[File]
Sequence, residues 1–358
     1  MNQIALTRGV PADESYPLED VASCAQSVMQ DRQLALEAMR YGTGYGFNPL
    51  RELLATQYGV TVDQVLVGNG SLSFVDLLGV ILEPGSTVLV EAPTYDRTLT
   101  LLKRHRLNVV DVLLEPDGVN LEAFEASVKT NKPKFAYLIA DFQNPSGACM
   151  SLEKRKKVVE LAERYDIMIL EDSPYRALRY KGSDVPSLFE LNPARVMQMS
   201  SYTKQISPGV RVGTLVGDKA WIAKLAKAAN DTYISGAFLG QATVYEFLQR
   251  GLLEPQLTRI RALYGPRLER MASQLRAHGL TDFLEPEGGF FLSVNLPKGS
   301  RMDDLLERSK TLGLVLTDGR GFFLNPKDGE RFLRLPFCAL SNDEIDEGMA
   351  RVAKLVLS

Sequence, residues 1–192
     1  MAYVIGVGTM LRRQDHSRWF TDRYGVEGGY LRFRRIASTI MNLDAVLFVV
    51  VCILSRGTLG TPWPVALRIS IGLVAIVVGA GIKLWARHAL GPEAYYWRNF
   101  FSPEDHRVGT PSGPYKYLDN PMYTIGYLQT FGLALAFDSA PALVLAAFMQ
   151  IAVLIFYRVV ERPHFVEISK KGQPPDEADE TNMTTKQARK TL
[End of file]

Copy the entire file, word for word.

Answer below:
Sequence, residues 1–358
     1  MNQIALTRGV PADESYPLED VASCAQSVMQ DRQLALEAMR YGTGYGFNPL
    51  RELLATQYGV TVDQVLVGNG SLSFVDLLGV ILEPGSTVLV EAPTYDRTLT
   101  LLKRHRLNVV DVLLEPDGVN LEAFEASVKT NKPKFAYLIA DFQNPSGACM
   151  SLEKRKKVVE LAERYDIMIL EDSPYRALRY KGSDVPSLFE LNPARVMQMS
   201  SYTKQISPGV RVGTLVGDKA WIAKLAKAAN DTYISGAFLG QATVYEFLQR
   251  GLLEPQLTRI RALYGPRLER MASQLRAHGL TDFLEPEGGF FLSVNLPKGS
   301  RMDDLLERSK TLGLVLTDGR GFFLNPKDGE RFLRLPFCAL SNDEIDEGMA
   351  RVAKLVLS

Sequence, residues 1–192
     1  MAYVIGVGTM LRRQDHSRWF TDRYGVEGGY LRFRRIASTI MNLDAVLFVV
    51  VCILSRGTLG TPWPVALRIS IGLVAIVVGA GIKLWARHAL GPEAYYWRNF
   101  FSPEDHRVGT PSGPYKYLDN PMYTIGYLQT FGLALAFDSA PALVLAAFMQ
   151  IAVLIFYRVV ERPHFVEISK KGQPPDEADE TNMTTKQARK TL